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PostPosted: Mon Jul 12, 2004 6:50 am 
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Joined: Mon Jan 12, 2004 12:32 pm
Posts: 3673
Location: UK & WEST AFRICA
With regard to weld quality on frames, you can have beautiful welds that are bad and crappy looking welds that are good. The only way to check the real quality of a weld is to have NDT (Non-DEstructive Testing) with gamma or x-ray. Then you will know whether it's never likely to crack.


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Posted: Mon Jul 12, 2004 6:50 am 


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 Post subject:
PostPosted: Mon Jul 12, 2004 2:11 pm 
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Joined: Sun Mar 07, 2004 6:08 pm
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Location: South NJ Shore
Have youi posted any pic's that I've missed?

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 Post subject:
PostPosted: Mon Jul 12, 2004 2:16 pm 
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Joined: Thu May 06, 2004 3:11 pm
Posts: 554
Location: Detroit-USA
Now you need to go back to Colorado and ride on a high-end carbon bike and compare the two.....

How come we never hear from anyone riding on the Seven bikes- which are also beautifully assembled. Especially the Odanata???? Anybody have anything to say????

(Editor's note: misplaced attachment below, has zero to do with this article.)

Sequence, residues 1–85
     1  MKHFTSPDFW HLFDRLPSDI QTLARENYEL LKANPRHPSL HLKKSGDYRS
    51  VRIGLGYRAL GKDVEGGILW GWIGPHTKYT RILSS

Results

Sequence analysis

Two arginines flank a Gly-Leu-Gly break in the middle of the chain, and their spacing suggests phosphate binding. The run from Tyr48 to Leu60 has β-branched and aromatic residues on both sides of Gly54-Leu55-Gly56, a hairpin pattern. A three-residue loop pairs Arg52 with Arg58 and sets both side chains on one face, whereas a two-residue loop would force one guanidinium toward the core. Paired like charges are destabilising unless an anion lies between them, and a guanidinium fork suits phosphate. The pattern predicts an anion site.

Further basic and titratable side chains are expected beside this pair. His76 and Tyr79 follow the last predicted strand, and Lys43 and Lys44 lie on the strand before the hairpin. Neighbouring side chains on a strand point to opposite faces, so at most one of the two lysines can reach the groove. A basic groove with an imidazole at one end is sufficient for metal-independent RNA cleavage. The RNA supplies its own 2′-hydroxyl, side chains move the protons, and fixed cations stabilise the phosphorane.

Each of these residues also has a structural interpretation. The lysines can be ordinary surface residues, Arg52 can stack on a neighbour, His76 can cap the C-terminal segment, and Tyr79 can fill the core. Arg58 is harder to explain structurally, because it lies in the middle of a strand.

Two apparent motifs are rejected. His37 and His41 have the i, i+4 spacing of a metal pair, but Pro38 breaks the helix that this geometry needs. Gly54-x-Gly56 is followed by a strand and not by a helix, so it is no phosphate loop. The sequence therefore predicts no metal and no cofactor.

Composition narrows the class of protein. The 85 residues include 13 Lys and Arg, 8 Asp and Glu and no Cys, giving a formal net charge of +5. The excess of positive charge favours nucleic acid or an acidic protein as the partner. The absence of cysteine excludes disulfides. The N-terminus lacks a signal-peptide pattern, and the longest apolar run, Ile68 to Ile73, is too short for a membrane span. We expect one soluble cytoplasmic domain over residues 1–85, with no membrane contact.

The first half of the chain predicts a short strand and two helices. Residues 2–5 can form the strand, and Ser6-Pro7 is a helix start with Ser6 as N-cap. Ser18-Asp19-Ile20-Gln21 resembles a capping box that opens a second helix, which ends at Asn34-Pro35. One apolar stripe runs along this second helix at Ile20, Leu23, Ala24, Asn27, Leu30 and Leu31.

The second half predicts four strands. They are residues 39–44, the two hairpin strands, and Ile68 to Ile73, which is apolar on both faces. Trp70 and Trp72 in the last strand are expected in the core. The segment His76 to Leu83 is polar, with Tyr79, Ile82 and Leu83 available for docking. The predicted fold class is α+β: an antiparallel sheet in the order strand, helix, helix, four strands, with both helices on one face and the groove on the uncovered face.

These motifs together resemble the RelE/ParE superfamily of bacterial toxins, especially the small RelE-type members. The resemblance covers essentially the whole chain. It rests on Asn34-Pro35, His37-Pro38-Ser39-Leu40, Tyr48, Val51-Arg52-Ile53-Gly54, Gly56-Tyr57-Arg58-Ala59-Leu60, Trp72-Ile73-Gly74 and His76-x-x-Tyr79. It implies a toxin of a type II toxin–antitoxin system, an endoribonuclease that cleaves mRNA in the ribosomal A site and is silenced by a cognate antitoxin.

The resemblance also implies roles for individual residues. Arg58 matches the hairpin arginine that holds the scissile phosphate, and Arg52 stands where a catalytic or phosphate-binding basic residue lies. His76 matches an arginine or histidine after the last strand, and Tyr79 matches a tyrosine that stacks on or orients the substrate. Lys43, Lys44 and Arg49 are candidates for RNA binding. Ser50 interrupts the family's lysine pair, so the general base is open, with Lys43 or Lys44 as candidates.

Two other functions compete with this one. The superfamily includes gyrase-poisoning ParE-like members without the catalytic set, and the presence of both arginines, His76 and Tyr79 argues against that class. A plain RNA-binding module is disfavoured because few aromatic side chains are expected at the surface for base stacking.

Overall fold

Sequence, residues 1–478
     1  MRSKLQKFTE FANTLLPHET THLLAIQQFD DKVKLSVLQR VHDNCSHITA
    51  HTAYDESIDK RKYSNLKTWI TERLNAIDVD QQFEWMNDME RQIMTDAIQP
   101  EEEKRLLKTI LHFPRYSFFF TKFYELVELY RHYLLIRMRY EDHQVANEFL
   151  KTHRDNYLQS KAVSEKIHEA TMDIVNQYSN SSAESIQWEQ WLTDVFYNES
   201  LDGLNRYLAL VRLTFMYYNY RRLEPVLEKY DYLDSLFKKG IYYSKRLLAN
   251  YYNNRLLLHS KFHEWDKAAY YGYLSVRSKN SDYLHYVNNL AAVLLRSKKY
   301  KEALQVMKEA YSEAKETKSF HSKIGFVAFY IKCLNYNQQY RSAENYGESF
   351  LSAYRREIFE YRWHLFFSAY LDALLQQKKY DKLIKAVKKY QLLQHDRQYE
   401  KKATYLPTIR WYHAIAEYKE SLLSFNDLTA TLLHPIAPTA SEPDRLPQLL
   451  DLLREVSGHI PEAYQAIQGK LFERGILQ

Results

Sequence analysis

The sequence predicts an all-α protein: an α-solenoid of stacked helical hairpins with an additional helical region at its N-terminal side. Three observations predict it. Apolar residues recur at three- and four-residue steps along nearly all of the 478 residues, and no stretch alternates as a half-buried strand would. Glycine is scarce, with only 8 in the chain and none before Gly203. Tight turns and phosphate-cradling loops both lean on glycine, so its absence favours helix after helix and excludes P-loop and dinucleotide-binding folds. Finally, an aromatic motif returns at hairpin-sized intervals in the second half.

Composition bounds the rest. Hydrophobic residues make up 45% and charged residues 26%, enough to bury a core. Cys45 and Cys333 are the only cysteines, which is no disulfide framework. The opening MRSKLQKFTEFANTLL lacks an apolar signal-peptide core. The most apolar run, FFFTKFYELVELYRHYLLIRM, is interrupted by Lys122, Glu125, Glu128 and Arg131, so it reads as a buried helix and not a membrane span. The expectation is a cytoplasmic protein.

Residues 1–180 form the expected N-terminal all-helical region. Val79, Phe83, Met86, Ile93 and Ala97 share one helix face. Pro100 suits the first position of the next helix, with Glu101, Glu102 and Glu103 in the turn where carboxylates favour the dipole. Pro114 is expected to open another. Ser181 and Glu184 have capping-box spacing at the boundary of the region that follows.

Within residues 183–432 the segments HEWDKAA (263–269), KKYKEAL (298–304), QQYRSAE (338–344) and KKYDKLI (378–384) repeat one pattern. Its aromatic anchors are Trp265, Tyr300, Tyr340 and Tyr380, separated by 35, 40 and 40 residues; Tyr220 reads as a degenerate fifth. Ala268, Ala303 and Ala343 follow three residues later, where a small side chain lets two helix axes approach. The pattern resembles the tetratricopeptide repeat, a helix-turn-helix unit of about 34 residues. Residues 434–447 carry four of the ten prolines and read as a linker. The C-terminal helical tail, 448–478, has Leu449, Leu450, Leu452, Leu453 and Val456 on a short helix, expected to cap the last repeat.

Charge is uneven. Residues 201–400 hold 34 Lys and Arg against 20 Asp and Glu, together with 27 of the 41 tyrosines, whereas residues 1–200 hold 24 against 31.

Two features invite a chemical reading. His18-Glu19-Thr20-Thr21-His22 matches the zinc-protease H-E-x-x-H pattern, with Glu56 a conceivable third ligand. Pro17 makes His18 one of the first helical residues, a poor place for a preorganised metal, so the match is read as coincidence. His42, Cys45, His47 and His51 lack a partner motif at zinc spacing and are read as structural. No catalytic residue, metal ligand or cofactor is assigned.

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 Post subject:
PostPosted: Mon Jul 12, 2004 3:04 pm 
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Posts: 1011
cadence90 wrote:
Nice of you to follow up.
It sounds like you had a nice tour of both facilities, and some very nice riding!
I'm glad you like the Dean.
I like my Kish! :D


Got any photos yet, Cadence? Also, did you decide on a computer?


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 Post subject:
PostPosted: Mon Jul 12, 2004 4:02 pm 
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Joined: Wed Dec 24, 2003 5:12 pm
Posts: 56
I ride a seven axiom ti that was custom built for me. The welds are the best I have seen on any frame. What I think is the best thing about seven is the geometry of the frame and how it fits. If you want the bike for a specific purpose they will make it fit and function for that purpose. You can select tubing to make the frame stiff or compliant and depending on its intended use you can determine handling. I checked my specs to the finished frame and they were dead on. The most important thing about a frame is fit, and the best way to make it fit right is to go custom. The only complaint I have personally heard from a seven owner was that his foot would rub against the s-curved chain stay, but the problem was his pedal stroke and not the bike.


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 Post subject: